This panel features four anti-racist, feminist scholars, showcasing how we as researchers take on the role of documenting and amplifying the work that activists are doing already online. Catherine Knight Steele talks about the creation of digital black feminisim in blogging communities. Kishonna L. Gray talks about activist gaming in service to Blacks Lives Matter. Jenny Ungbha Korn talks about themes of racialized imagery in #iftheygunnedmedown on Tumblr. And Sarah Florini talks about This Week in Blackness's brand of citizen journalism around Ferguson.

When the Black Lives that Matter are Not Our Own: Social Justice and a Digital Black Feminism
Catherine Knight Steele

How are our women of color reimagining black feminism online? Black Lives Matter was started by three queer women of color. And its important to remember that even in studying marginalized communities, there are those that are even more marginalized.

Steele carefully frames this as “Digital Black Feminism,” building on literatures of black oral culture, alternative publics, black feminism in response to exclusion, and voice and democratic participation. Preserving black oral culture online is a key part of the cultural practice. Moreover, transferring offline black oral culture online represents efficiency of communication rather than perceived deficiencies.

Unfortunately, digital black feminism has also been excluded from traditional norms of black feminism. Steele studied the blogging community For Harriet, which functions as a kind of "digital barbershop," an enclave that represents a particular context of culture necessary to gain entry.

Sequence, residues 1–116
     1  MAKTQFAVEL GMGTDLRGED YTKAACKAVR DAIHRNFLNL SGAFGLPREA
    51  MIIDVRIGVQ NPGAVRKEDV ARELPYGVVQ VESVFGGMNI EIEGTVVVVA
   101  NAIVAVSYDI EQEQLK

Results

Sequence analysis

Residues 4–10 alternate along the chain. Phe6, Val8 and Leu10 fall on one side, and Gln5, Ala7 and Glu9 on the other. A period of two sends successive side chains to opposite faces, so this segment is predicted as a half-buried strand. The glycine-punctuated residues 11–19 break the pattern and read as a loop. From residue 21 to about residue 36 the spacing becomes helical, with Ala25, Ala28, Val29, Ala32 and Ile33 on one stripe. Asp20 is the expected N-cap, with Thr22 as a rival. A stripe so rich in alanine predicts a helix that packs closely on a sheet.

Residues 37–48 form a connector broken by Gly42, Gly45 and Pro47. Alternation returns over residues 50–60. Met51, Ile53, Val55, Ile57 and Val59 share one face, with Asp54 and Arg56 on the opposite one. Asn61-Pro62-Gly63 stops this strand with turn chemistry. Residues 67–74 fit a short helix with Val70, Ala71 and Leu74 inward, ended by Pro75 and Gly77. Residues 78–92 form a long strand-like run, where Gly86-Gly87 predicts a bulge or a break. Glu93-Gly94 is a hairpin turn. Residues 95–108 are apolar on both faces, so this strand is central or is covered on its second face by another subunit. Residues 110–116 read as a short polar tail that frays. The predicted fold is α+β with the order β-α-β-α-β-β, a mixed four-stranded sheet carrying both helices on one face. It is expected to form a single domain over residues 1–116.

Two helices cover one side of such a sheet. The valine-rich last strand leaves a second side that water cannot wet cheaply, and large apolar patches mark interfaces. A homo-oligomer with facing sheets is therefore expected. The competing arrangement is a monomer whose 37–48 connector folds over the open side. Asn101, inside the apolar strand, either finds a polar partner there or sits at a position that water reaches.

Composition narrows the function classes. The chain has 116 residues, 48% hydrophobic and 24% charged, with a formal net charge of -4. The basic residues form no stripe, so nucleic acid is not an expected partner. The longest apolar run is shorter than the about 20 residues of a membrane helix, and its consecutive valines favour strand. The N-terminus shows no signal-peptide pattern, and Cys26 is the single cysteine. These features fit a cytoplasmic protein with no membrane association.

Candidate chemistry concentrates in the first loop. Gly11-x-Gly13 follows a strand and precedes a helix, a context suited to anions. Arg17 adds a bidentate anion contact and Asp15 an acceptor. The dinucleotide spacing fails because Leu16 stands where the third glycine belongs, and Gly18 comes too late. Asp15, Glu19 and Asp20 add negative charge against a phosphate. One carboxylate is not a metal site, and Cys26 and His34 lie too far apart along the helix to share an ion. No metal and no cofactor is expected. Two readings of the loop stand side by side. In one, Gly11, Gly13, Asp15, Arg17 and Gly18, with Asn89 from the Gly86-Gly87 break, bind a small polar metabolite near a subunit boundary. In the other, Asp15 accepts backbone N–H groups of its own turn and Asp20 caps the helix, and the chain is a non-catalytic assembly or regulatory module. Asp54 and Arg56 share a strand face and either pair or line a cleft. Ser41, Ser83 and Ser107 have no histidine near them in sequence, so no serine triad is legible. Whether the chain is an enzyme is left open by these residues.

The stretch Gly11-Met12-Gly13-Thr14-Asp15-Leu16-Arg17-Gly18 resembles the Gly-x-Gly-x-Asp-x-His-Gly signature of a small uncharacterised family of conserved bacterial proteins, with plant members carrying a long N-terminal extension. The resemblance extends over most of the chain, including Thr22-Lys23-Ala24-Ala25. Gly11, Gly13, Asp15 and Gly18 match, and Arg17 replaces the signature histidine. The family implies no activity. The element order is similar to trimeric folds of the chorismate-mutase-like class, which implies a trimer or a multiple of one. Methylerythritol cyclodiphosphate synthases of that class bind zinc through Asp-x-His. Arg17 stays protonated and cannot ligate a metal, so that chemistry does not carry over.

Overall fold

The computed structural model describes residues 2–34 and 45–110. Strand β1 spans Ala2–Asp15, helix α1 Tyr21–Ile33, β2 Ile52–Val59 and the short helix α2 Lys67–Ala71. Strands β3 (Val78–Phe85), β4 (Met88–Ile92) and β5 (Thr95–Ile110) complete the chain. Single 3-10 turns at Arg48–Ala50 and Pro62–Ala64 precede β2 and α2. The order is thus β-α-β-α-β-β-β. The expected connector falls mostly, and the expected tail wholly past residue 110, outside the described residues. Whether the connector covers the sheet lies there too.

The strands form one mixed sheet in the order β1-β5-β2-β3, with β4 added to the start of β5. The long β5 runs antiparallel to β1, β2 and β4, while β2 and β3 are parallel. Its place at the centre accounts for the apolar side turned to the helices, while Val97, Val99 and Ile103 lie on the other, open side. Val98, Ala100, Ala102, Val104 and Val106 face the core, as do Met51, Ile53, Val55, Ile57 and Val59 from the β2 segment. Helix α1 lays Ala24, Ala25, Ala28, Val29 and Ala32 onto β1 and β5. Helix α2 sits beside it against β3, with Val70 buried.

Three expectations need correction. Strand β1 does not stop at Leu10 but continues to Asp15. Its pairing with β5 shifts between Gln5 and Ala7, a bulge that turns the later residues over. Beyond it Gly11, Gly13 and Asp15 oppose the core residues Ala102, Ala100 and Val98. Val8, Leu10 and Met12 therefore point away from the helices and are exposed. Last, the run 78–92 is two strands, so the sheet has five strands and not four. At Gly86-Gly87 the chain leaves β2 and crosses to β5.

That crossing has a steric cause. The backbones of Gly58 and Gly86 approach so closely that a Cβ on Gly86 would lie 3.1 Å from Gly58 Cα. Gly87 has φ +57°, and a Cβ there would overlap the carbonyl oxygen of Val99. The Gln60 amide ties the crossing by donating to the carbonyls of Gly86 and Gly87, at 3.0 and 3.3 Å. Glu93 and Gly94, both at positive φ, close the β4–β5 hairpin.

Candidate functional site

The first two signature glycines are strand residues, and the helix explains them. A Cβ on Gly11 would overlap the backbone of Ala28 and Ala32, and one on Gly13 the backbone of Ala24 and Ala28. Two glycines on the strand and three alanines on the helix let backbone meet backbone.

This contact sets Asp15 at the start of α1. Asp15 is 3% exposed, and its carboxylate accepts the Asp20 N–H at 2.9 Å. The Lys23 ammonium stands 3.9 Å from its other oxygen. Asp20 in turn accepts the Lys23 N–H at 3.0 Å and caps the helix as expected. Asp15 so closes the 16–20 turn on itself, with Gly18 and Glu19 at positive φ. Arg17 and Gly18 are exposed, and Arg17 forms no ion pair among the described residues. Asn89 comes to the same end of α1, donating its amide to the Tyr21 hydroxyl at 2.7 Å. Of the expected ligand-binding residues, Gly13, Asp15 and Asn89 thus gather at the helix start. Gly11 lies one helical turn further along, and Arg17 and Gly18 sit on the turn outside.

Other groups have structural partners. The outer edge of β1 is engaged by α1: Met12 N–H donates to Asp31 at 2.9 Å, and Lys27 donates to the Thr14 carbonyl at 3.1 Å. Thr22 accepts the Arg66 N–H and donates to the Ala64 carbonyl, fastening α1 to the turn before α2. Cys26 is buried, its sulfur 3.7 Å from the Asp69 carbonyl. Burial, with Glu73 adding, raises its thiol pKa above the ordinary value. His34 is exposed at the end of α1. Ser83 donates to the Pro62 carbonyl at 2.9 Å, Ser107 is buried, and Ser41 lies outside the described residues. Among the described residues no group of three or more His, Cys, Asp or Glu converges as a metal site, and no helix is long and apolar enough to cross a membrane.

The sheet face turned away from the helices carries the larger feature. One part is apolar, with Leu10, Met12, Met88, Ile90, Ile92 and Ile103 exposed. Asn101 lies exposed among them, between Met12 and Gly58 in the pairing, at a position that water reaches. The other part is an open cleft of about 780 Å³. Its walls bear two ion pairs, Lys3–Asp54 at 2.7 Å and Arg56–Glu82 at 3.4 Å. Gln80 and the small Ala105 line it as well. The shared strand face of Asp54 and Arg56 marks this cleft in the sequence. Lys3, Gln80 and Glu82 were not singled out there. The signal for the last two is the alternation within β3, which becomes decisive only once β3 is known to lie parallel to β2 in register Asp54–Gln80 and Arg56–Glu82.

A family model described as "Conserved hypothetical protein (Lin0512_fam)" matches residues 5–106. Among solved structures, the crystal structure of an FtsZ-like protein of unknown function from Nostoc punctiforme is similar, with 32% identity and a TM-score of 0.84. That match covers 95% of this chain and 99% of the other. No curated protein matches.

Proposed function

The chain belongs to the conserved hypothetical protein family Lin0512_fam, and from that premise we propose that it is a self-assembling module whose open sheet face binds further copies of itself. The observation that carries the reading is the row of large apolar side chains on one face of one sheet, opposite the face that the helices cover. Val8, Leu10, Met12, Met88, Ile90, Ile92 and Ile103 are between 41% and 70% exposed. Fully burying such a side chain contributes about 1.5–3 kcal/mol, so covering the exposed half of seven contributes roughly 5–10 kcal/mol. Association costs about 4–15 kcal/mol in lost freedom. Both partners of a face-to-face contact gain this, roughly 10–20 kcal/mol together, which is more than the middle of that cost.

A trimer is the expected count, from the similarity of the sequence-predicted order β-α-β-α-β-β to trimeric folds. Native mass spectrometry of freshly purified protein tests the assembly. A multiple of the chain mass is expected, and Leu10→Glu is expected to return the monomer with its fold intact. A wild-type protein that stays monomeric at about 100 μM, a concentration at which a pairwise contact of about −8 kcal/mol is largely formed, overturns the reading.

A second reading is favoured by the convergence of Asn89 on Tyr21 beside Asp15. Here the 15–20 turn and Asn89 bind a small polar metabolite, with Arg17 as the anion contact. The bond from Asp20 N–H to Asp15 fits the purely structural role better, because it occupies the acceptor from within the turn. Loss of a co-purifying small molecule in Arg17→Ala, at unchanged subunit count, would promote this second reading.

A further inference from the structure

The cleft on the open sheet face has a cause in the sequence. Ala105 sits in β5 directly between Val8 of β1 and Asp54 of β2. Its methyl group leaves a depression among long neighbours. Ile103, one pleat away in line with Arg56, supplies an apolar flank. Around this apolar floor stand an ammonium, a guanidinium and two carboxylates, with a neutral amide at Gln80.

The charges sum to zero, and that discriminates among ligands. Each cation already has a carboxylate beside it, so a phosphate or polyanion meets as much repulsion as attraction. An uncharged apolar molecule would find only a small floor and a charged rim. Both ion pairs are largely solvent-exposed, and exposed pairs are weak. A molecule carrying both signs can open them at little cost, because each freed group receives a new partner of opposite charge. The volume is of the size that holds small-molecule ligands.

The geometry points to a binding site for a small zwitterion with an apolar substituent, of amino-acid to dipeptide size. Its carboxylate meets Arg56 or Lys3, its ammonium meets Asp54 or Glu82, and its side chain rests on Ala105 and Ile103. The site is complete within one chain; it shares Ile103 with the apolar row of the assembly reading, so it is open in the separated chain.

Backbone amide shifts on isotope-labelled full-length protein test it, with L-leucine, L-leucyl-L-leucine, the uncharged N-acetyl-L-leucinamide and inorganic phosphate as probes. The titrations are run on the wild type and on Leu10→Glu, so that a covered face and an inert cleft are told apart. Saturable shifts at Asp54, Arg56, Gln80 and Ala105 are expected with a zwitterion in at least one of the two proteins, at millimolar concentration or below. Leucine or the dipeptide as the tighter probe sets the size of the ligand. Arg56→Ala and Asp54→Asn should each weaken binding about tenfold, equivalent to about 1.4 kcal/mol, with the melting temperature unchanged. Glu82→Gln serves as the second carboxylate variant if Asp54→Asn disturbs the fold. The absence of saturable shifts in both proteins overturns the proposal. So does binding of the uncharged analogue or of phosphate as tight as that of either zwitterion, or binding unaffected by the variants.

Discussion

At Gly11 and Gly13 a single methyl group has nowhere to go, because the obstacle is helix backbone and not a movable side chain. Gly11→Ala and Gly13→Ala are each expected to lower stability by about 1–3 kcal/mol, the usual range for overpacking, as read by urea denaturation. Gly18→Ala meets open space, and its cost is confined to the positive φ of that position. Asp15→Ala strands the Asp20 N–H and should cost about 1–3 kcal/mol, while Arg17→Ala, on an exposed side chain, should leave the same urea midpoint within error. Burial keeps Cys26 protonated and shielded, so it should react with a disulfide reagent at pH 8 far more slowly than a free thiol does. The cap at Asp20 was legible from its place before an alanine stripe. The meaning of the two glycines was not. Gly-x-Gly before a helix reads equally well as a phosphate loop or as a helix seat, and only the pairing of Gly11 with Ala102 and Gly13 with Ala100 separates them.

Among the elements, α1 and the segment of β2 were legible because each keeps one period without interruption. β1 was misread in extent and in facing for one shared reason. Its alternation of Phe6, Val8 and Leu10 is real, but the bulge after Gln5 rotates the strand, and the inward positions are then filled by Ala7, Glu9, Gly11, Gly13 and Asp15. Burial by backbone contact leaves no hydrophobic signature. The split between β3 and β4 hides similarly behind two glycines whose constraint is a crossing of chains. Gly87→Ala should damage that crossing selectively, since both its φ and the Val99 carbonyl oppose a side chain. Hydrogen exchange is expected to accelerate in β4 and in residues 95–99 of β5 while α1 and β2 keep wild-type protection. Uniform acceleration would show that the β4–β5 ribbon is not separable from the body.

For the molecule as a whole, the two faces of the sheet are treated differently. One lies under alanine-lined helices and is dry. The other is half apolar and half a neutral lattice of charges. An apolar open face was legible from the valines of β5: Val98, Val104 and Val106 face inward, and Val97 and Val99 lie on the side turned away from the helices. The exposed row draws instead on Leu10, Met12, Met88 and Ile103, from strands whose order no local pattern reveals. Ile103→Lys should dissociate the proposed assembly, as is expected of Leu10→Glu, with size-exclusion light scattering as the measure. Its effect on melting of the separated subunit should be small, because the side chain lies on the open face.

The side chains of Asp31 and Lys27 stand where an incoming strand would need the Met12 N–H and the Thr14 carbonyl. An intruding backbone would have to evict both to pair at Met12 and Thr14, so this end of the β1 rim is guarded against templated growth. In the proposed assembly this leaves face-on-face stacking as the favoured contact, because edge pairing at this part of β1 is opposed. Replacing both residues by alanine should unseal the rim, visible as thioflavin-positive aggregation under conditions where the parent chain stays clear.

Building Civic Tech with Mexico City's Experts (Its Citizens)

written by Erhardt Graeff and Emilie Reiser


CC-BY-SA: Mexico City by Kasper Christensen


Mexico City is huge. Over 21 million people live in the metro area—the most populous in the Western hemisphere. Nearly 9 million people live in the federal district alone. There are pockets of immigrants from all over the world and of course the full spectrum of Mexican ethnicities. This means there are myriad interesting issues to tackle and a wide mix of voices with opinions on how best to go about it.


August 31–September 4, 2015, the MIT Center for Civic Media traveled to Mexico City for a workshop organized by the Laboratorio para la Ciudad and MIT Media Lab. Gabriella Gómez-Mont, the Laboratorio's founder and director, is a Director's Fellow at the Media Lab this year, which opened the door to collaboration.


In a few intense days, we worked with Laboratorio staff and local experts, as well as select students from nearby universities, to prototype projects worthy of Mexico City's scale and complexity. Our team focused on how to integrate new forms of citizen input into the planning and transformation of public spaces around the city using both digital and non-digital strategies. Our solution: EncuestaCDMX (